Jazz already covered the topline data in this poll this morning but I want to follow Rich Lowry’s lead here and highlight Jeb’s numbers in particular. Because I’m a pessimist by nature and because I lived through elections 2008 and 2012, I just assume that the GOP establishment can and will foist the squish of its choice on the Republican electorate every four years. This year, the squish of the moment is Jeb, ergo Jeb will be the nominee. The party decides. It really is that simple.
But maybe it’s not that simple. Dude:
That’s a poll of registered voters, not of random “what time are the Kardashians on?” American adults. These are people who are paying some modicum of attention to the race, we can assume, and the result is hostility to Bush 3.0 that’s nearly as sharp as the hostility to Trumpmania. Trump, whom Bush fans everywhere will tell you is unelectable, is at 38/58 favorability among registered voters, essentially identical to Jeb himself. In fact, Trump’s numbers among independents here are slightly better than Jeb’s. He’s at 36/60; Bush is at 30/62. How often do you see a poll, as in the Bush data above, where a candidate’s popularity among Republicans is the inverse of his popularity among indies, not Democrats? What exactly is the argument for Mr. Electable again?
That’s not the only metric where Trump trumps Bush. Unlike Jeb, Trump is at least well liked by parts of the GOP base.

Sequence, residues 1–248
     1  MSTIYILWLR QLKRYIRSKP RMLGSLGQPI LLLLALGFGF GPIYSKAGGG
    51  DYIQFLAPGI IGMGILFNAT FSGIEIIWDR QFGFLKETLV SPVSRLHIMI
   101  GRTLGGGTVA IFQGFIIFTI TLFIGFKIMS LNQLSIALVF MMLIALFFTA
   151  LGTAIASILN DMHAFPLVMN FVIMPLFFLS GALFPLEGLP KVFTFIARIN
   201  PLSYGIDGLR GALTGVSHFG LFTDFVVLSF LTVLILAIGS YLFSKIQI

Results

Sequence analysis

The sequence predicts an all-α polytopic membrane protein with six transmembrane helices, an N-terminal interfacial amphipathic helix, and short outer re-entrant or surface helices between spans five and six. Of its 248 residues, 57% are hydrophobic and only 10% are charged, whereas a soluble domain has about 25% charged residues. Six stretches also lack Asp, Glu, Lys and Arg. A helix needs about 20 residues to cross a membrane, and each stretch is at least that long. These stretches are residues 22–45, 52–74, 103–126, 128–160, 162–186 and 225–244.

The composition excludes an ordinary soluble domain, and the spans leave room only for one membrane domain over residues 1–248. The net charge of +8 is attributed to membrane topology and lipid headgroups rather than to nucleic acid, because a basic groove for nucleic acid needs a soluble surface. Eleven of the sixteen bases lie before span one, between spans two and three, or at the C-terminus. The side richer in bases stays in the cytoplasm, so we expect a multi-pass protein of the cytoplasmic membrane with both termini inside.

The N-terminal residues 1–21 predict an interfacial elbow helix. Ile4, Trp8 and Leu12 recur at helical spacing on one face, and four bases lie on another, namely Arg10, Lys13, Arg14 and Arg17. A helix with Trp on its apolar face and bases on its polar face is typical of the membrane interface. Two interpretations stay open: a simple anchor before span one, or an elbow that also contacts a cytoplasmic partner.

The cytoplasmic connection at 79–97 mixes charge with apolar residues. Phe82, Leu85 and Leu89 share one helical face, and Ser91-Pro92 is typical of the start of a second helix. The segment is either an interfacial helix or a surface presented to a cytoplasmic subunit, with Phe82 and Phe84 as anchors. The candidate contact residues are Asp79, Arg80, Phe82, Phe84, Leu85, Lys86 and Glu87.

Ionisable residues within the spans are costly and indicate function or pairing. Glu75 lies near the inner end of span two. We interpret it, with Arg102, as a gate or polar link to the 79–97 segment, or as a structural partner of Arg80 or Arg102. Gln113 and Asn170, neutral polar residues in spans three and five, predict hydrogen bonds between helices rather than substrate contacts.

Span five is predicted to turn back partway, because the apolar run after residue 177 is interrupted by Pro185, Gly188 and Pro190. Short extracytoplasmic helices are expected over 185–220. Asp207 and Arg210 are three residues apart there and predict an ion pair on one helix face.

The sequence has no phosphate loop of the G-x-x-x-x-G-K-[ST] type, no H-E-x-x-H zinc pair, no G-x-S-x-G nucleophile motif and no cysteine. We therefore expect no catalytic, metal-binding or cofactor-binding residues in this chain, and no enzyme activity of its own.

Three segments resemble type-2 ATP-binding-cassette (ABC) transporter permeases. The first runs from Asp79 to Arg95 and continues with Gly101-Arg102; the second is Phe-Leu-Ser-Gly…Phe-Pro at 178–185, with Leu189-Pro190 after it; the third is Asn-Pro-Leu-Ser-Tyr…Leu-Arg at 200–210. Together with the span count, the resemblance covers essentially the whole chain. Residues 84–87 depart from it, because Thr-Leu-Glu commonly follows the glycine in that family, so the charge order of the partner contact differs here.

That’s Trump at his polarizing Trump-iest — very popular with tea partiers, hugely unpopular with liberals, mixed feelings among centrists. Jeb is less polarizing, but that’s not a good thing in his case:
The left hates him too, but tea partiers are hostile and the “neutrals,” the centrist Republicans who are supposed to carry Jeb to victory, are no warmer to him than they are to Trump. What’s going on here? A few things, I think. For starters, Bush didn’t impress at the debate. On average, he lost more ground in the polls afterward than anyone except Trump and Scott Walker, and Trump’s lead was big enough going in that he could afford to shed a few points without worry. Bush’s problems pre-date the debate, though; if you doubt that, click here and see how the green line in RCP’s poll tracker steadily declines since mid-July, right around the time Trump was really taking off. We tend to think of Trump and Bush as polar opposites, one the populist rager, the other the above-the-fray establishmentarian, but part of Trump’s base overlaps with Bush’s. Remember, according to nearly every poll, Trump’s leading not just among conservative Republicans but among moderates too. As Josh Barro said, Trump is in many ways a consummate moderate Republican; his style is angry and populist, which is typically associated with grassroots conservatism, and his immigration plan is certainly right-wing, but on various other policies (like campaign-finance reform, to take one at random) he’s a centrist. If you’re a “somewhat conservative” voter who’s leery of Cruz because he’s too dogmatic but also leery of Jeb because you’re tired of the Bushes, go figure that Trump might capture your imagination, at least for a while. Which means the default assumption that many people (me included) have been operating on, that Trump is helping Bush by bigfooting his more credible challengers, might not necessarily be true. If Trumpmania cultivates a taste in moderates for populism, Jeb has a big problem.
The other reason Jeb’s fading, as Nate Cohn notes, is that John Kasich is making a game of it in New Hampshire, offering voters there a moderate alternative to the GOP establishment’s “Bushes unto eternity” approach to presidential politics. Here’s the man himself telling CBS News last night that it wouldn’t be “humane” for the feds to go riding around in cars and deporting people or something.